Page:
by Kate DeVoe
See the end of this post for Kate’s bio.
When I first entered the freelance world after college over a decade ago I had… a lot to learn. College prepared me musically but there were plenty of other things I learned as I went. I learned a lot from trial and error, which I know was good for me because… character or something like that. I’m still learning and I don’t have all the answers, but I think that younger version of me would have really appreciated a post like this.
1. Remember that networking is just getting to know people.
When I was younger the word “networking” made my skin crawl. The idea of networking seemed so foreign to me—like perfecting the art of selling yourself. I’ve since come to learn that networking is just taking the time to get to know people and let them get to know you. It’s connecting with each other. I really enjoy connecting with others so this change in perspective was huge for me. When I was younger I would often just pack up and leave after rehearsals, especially with new groups or in subbing situations where I didn’t know people. But this is the perfect opportunity for networking! As a rule of thumb, I try to greet everyone around me when I arrive at rehearsal. If I don’t know someone I introduce myself. At the end of rehearsal I slowly pack up and make sure to stick around. This is often when people start to open up and you can get to know your colleagues. They may even let you know they need a sub for an upcoming gig, or invite you to a show. Sometimes people will go out afterwards, which is another great opportunity for networking and getting to know each other. Connecting and building relationships with other musicians and colleagues is hands down the number one way I get gigs and find others to recommend for gigs.
2. Email etiquette is important.
Make it a goal to reply to professional emails within 1 day. When someone has an emergency and is frantically looking for a sub, they want a response right away. Even if you aren’t available, a simple, “Thanks for reaching out to me. I am not available that day, but please keep me in mind in the future,” sent right away goes a long way. So many times people have thanked me for the quick response, even if I’m not available. I’ve even heard people say, “You could reach out to ____. They’re good about responding to emails right away.” That being said, don’t send emails if you’re distracted or if you’re feeling some emotion strongly, especially if it’s frustration. This isn’t to say don’t show emotion. However, it might be better to communicate in person about what is frustrating you. Many times I’ve thanked myself for not hitting “send” after typing up an email in frustration (or kicked myself for hitting it..). Finally, you don’t need to write long explanations about why you’re not available for something (unless you know the person well and think that’s best). Straightforward, but warm in tone, is best.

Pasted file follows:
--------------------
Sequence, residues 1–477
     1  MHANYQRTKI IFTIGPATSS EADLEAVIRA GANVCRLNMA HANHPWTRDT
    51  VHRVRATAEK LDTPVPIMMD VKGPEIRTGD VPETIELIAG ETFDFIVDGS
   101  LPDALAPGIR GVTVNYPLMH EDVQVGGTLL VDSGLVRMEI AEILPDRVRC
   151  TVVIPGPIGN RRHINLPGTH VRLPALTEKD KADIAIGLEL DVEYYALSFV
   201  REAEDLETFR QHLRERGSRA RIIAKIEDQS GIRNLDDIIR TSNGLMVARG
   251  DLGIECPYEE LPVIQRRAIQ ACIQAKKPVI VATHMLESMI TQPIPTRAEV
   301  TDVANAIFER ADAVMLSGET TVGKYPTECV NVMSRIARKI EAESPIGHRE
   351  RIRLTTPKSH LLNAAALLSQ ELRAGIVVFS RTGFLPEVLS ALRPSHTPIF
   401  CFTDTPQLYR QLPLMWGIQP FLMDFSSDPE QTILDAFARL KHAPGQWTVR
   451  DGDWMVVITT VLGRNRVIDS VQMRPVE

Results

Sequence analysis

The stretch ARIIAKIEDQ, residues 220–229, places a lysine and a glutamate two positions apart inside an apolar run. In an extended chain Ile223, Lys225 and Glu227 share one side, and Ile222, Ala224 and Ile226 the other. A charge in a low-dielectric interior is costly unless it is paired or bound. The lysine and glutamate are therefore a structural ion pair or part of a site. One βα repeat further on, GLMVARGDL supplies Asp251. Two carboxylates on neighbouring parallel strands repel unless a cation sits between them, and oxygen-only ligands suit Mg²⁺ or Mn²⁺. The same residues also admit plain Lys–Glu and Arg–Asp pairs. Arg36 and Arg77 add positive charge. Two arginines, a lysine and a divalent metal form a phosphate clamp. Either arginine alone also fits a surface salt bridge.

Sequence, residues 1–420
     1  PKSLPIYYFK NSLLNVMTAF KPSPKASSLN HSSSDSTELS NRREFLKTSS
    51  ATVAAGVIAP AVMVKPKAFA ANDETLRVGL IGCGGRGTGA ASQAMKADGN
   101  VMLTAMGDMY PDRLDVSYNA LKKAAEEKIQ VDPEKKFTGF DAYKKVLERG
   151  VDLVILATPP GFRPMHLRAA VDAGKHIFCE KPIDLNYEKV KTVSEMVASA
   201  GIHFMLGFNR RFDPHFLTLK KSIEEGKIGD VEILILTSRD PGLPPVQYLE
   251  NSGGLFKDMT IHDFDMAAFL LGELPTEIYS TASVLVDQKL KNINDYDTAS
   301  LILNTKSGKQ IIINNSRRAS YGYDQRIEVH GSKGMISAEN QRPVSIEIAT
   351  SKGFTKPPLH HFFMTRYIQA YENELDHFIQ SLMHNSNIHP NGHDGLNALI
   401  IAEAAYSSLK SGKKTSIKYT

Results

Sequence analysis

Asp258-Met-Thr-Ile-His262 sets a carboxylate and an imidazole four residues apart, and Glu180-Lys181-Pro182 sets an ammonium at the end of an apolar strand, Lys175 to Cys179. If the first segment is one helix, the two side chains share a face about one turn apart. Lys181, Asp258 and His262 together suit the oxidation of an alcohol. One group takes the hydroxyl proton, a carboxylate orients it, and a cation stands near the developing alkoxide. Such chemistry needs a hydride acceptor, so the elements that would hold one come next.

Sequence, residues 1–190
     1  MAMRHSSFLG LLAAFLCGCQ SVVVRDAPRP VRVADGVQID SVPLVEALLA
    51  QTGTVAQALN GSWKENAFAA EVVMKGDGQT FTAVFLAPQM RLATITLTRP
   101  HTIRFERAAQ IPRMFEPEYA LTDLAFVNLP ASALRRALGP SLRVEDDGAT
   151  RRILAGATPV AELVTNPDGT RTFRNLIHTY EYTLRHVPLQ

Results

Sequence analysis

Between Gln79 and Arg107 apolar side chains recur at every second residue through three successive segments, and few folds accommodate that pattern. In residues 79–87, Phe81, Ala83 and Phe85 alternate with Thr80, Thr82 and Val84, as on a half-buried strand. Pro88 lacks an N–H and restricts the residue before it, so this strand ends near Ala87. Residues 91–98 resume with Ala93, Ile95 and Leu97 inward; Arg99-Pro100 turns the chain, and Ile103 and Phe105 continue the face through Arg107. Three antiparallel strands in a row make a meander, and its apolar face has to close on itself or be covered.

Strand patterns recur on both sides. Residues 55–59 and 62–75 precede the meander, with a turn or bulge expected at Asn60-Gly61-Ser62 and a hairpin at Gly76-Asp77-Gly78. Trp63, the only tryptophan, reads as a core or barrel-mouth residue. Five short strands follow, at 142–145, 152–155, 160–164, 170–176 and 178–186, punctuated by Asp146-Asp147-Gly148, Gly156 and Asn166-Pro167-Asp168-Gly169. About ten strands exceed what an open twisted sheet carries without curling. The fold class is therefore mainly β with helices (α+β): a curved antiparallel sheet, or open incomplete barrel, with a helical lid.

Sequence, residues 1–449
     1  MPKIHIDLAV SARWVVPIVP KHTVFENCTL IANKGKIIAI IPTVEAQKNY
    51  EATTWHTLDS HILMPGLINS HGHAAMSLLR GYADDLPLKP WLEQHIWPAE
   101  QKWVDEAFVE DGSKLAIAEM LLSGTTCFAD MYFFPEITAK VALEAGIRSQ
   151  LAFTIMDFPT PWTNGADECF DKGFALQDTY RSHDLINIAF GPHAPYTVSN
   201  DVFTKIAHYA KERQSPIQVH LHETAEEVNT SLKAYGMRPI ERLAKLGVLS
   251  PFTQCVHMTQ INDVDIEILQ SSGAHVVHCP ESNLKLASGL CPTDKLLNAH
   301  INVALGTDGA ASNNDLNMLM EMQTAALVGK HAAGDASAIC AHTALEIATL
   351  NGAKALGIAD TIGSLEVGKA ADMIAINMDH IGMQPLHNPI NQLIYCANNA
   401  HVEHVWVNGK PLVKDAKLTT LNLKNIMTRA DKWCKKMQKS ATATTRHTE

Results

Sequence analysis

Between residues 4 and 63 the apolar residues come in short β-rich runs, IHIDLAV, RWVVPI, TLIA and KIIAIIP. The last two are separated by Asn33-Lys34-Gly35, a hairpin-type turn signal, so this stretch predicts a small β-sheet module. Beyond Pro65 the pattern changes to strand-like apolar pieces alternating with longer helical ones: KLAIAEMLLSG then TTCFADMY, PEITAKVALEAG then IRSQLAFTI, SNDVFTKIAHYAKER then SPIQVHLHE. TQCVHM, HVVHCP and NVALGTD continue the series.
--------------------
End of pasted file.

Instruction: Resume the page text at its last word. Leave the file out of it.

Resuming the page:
3. Take risks.
Whether it’s about reaching out to someone who seems “way out of your league” to collaborate or to grab coffee, or taking a gig on lead trumpet, or playing modern music with rhythms that terrify you— you’ll be better for it! If you’re anything like me you’ll have some anxiety beforehand (and if it’s a performance you’ll practice your butt off of course), but you’ll feel great afterwards for doing something outside of your comfort zone. You’ll grow as a person and musician and it may even open new doors. You’re going to make mistakes—both in your playing and in your interactions with others. Don’t beat yourself up over it. Everyone makes mistakes. Just remember, the mistakes don’t define you.